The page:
In order to understand what dialectical exchange is, we can start with the nature of dialectical questions: they are questions that leave us free to take either side of a contradiction. It is the very nature of a dialectical question that it calls forth disagreement and exchange of arguments. If I ask my students what time it is, they may give different replies, but I’m just looking for the correct answer, not a discussion. But consider the dialectical question: Is time linear? This sort of question assumes that time might not be linear, that we need to consider the arguments on both sides if we are to truly understand our answer. A dialectical question is the sort where we do not assume we know the answer in advance, and that the contrary case will surely have merits we need to address. We need a dialectical exchange of argument and counter-argument if we are to make progress on dialectical questions taken up in classical texts.Dialectical exchange takes up dialectical questions in earnest. Dialectical exchange is a distinctive way of searching for the truth—by way of looking critically at arguments for both sides, with an openness to the veracity of either. We cannot do it well without knowing what constitutes good and bad thinking and argument generally, which are good habits of mind, but we also cannot do it well without certain habits of moral character. Communities of liberal learners only function well when each participant feels that their contributions are respected, heard, and understood. Therefore, dialectical exchange requires intellectual and moral virtues, among them: humility, civility, patience, generosity, and studiousness. If we are serious about liberal learning for its own sake—as we should be—we must be serious about virtue in the service of dialectical exchange as we approach classical texts. If we take this connection seriously, we will understand Montás’s plea for liberal learning outside the confines of disciplinary bounds more clearly and deeply.
Roosevelt Montás is Senior Lecturer in American Studies at Columbia University and director of the Freedom and Citizenship Program, which introduces low-income high school students to the Western political tradition through the study of original texts. From 2008 to 2018, he served as director of Columbia’s Center for the Core Curriculum. He is the author of Rescuing Socrates: How the Great Books Changed My Life and Why They Matter for New Generation, (Princeton University Press, 2021).
Anika Prather earned her B.A. from Howard University in elementary education (minor in theatre). She also has earned several graduate degrees in education from New York University and Howard University. She has a master’s in liberal arts from St. John’s College (Annapolis) and a PhD in English, Theatre and Literacy Education from the University of Maryland (College Park). Her research focus is on building literacy among African American students through engagement in the books of the Canon and recently self-published her book Living in the Constellation of the Canon: The Lived Experiences of African American Students Reading Great Books Literature. She has served as a teacher, supervisor for student teachers, director of education and Head of School. Dr. Prather also founded The Living Water School, a unique Christian school for independent learners.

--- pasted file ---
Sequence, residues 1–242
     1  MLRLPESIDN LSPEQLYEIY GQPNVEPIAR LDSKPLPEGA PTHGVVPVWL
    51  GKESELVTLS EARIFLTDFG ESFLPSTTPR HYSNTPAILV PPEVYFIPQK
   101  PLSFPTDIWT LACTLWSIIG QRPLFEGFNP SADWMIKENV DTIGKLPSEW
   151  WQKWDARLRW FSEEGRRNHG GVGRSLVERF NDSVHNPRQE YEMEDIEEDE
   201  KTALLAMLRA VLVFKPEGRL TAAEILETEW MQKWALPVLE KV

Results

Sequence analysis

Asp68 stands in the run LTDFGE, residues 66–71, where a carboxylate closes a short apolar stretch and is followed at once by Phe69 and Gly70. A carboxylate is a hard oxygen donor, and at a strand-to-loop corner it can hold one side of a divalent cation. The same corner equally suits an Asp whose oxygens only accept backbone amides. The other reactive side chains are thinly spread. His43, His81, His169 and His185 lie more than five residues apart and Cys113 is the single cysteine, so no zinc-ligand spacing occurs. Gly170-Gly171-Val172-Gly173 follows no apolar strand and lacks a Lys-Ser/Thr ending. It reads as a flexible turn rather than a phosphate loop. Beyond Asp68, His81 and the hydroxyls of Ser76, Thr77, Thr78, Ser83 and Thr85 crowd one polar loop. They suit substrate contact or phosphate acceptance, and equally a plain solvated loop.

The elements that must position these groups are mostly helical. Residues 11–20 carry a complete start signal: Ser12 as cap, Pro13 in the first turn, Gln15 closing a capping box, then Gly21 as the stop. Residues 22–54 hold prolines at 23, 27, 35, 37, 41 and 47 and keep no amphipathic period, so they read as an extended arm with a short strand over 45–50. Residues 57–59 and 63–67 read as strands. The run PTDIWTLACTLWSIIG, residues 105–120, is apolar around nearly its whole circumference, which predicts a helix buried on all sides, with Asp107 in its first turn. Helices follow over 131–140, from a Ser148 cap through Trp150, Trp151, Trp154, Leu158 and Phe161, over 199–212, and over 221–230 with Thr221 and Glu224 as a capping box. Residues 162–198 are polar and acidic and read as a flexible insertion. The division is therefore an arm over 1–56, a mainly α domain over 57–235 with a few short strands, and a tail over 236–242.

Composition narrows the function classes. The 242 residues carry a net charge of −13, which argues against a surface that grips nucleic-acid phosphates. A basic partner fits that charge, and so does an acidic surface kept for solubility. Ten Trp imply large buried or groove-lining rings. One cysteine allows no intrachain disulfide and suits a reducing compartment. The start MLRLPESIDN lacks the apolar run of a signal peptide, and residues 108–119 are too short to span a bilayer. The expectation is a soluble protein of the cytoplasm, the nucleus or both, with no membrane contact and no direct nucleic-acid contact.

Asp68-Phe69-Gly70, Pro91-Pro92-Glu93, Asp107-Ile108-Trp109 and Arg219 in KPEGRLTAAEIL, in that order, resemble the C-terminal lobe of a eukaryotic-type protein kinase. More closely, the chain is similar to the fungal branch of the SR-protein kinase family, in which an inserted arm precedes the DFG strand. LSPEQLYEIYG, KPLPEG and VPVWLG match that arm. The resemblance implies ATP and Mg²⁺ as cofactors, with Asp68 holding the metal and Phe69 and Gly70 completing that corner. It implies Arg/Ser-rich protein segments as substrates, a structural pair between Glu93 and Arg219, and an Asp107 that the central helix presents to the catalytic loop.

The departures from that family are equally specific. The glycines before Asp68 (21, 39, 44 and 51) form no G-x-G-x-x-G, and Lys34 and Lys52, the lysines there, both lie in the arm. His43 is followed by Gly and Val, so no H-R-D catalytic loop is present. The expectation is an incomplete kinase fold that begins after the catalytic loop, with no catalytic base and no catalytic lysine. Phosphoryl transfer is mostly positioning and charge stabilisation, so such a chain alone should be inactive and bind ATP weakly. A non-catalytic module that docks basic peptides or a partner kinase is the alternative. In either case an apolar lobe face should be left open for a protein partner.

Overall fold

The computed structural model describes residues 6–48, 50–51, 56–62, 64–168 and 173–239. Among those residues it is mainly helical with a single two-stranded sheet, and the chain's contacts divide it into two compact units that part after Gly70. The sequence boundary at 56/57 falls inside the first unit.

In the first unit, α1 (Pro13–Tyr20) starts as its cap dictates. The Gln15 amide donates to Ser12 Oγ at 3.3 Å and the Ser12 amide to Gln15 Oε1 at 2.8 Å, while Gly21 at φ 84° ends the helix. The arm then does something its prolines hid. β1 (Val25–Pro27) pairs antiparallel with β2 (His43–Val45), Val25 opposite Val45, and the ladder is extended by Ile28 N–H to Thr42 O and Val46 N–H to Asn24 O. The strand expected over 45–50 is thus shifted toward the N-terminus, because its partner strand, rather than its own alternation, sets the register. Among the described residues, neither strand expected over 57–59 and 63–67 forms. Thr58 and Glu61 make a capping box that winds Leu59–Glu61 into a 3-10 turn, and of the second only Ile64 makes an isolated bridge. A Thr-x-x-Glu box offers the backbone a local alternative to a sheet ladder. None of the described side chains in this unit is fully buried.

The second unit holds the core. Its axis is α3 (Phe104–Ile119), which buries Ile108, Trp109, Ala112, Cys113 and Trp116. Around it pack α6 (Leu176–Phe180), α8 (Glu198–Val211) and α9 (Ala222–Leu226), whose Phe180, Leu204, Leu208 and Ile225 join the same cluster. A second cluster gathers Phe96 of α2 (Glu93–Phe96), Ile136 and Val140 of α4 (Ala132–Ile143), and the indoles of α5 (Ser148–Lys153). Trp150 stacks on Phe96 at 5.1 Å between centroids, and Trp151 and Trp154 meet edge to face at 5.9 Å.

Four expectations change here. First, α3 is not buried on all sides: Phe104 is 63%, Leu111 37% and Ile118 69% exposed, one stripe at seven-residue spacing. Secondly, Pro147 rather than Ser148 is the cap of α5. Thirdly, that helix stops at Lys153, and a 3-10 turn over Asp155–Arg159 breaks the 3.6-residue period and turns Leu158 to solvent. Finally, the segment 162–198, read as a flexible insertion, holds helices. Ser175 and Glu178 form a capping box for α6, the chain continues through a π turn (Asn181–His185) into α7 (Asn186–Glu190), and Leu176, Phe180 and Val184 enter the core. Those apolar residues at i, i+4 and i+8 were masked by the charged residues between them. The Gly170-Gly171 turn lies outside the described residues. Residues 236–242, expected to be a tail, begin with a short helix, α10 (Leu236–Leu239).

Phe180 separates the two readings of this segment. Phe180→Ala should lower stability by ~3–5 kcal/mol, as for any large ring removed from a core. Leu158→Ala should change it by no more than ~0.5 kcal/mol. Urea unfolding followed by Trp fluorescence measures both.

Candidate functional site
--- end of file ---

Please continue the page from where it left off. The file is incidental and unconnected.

Aeon J. Skoble is the Bruce and Patricia Bartlett Chair in Free Speech and Expression at Bridgewater State University. He is also Professor of Philosophy and co-coordinator of the program in Philosophy, Politics, and Economics. Skoble received his BA from the University of Pennsylvania, and his MA and PhD from Temple University. He is the author of Deleting the State: An Argument about Government (Open Court, 2008) and The Essential Robert Nozick (Fraser Institute, 2020), the editor of Reading Rasmussen and Den Uyl: Critical Essays on Norms of Liberty (Lexington Books, 2008), and co-editor of Political Philosophy: Essential Selections (Prentice-Hall, 1999) and Reality, Reason, and Rights (Lexington Books, 2011). In addition, he has frequently lectured and written for the Institute for Humane Studies, the Cato Institute, and the Foundation for Economic Education, and he is a Senior Fellow at the Fraser Institute. His main research includes theories of rights, the nature and justification of authority, and virtue ethics. In addition, he writes widely on the intersection of philosophy and popular culture, among other things co-editing the best-selling The Simpsons and Philosophy (Open Court, 2000) and three other books on film and television.
Jennifer A. Frey is an Associate Professor of philosophy at the University of South Carolina and the Peter and Bonnie McCausland faculty fellow in the College of Arts and Sciences. She is also a fellow at the Institute for Human Ecology at the Catholic University of America, and a Newbigin Interfaith Fellow with The Carver Project. Prior to coming to the University of South Carolina, she was a Collegiate Assistant Professor the Humanities at the University of Chicago, and a member of the Society for the Liberal Arts. She earned her Ph.D. in philosophy at the University of Pittsburgh and her B.A. in Philosophy and Medieval Studies (with a Classics minor) at Indiana University-Bloomington.
Her academic research is primarily in moral psychology and virtue. In 2015, she was awarded a multi-million dollar grant from the John Templeton Foundation, titled “Virtue, Happiness, and the Meaning of Life.” She frequently write more popular essays and book reviews in places like Breaking Ground, First Things, Image, The Point, and The Wall Street Journal. Last but not least, she hosts a philosophy, theology, and literature podcast called Sacred and Profane Love.